According to Salon’s Glenn Greenwald, a defense of “Bain Capital, Mitt Romney’s former firm,” and “the paragon of capitalist evil,” must be rooted entirely in corrupt self-interest. So there’s not even a smidgen of truth in Newark Mayor Cory Booker’s condemnation of the Obama campaign’s attacks on Bain? How about the other two prominent Democrats to defend Romney and his work? (Read on.)
“Booker went on Meet the Press and angered hordes of Democrats when he condemned the Obama campaign’s attacks on Bain as ‘nauseating,’ equating the anti-Bain messaging to the GOP’s sleazy use of Jeremiah Wright, and then demanding: ‘stop the attacks on private equity’ (in response to the backlash, Booker then released a hostage-like video recanting his criticisms and pledging his loyalty to President Obama).”
Without explaining the mechanism by which the private equity firm achieved this feat, Greenwald asserts further that the likes of Bain Capital are “destroying the middle class in order to enrich greedy vulture oligarchs.” AND, “We also all know that the Democratic Party is the defender of the middle class and the bold adversary of corporate pillaging.”
DITTO Deval Patrick. HuffPo uses the same “reasoning”—“a history of ethically questionable connections to financial firms”—to condemn the Massachusetts governor for his defense of the Republican presidential candidate Mitt Romney [05/31/2012] … during TV appearances.”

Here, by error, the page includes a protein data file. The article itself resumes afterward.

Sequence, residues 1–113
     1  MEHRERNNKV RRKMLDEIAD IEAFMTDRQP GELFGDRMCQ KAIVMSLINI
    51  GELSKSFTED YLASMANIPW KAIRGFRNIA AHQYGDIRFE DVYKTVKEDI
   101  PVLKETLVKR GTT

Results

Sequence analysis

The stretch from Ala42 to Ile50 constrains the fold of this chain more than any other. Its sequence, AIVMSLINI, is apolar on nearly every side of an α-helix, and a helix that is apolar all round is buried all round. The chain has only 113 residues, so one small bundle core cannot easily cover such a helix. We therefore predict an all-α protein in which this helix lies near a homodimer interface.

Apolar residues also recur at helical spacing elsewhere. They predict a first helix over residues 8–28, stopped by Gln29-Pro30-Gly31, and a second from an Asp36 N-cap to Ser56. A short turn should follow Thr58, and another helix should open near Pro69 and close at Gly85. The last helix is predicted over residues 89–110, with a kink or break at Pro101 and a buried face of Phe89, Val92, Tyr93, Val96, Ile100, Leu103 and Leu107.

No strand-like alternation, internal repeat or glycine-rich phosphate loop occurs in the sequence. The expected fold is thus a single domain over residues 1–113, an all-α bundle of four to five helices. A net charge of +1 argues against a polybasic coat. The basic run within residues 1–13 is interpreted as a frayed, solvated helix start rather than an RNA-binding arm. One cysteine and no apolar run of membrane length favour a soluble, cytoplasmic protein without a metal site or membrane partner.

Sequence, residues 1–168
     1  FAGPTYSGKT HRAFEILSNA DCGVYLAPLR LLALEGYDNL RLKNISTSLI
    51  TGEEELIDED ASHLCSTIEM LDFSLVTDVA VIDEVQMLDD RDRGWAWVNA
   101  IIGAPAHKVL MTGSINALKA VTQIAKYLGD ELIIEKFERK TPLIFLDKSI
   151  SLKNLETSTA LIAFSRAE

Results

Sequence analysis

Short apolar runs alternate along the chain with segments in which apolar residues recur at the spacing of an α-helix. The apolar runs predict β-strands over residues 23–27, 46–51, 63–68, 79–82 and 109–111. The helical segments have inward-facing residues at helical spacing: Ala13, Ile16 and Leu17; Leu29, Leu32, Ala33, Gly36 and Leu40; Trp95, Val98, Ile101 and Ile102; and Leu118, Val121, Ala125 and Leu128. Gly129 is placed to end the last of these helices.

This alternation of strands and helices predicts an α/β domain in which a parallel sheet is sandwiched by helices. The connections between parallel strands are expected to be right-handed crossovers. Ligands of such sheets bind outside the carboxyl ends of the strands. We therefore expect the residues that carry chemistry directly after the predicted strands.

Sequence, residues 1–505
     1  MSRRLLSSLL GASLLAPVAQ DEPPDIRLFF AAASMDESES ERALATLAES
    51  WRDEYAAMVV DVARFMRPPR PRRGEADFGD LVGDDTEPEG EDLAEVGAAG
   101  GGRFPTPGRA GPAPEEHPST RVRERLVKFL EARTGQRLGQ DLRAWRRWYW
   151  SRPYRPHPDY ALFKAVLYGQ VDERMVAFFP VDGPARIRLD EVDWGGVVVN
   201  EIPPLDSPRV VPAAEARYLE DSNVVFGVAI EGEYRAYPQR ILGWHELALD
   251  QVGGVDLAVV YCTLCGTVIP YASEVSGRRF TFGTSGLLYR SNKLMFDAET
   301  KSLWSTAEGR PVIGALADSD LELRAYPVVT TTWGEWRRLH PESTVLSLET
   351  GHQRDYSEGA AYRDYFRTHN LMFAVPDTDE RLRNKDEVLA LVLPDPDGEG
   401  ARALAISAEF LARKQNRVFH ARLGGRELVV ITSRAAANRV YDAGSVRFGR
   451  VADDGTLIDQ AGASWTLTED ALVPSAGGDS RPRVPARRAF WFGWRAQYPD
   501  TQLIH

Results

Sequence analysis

“The Democratic politician was supposed to be serving as a surrogate for President Barack Obama. Patrick, who has a history of ethically questionable connections to financial firms, applauded Boston-based Bain Capital, implicitly criticizing the Obama campaign’s attacks on Romney’s record at the private equity firm.”
Patrick is the second Obama surrogate with strong ties to the financial industry to defend Bain, following in the footsteps of Newark, N.J., Mayor Cory Booker, who ignited a week of outrage from Democratic Party strategists for describing the Obama campaign’s slams against Romney’s Bain work as “nauseating.”
AND THEN THERE WERE THREE. One other major Democrat has defended Romney and his job record. “This is good work.” “I don’t think we ought to get in a position where we say this is bad work,” said Bill Clinton.
The DC Decoder’s correspondent floats yet another crazy ad hominem: “Bill may be intentionally sabotaging President Obama in order to set Hillary up for a run in 2016,” which, to her credit, she doesn’t quite buy.
Others suggest the former president simply misspoke. But we don’t buy that either.
Here’s the thing: Clinton’s comments weren’t just “off message.” They were a declaration of war on the message. They underscore a fundamental split within the Democratic Party that’s less about Romney’s record at Bain than it is about whether the party as a whole is perceived as a friend or foe of Wall Street and the world of business and high finance.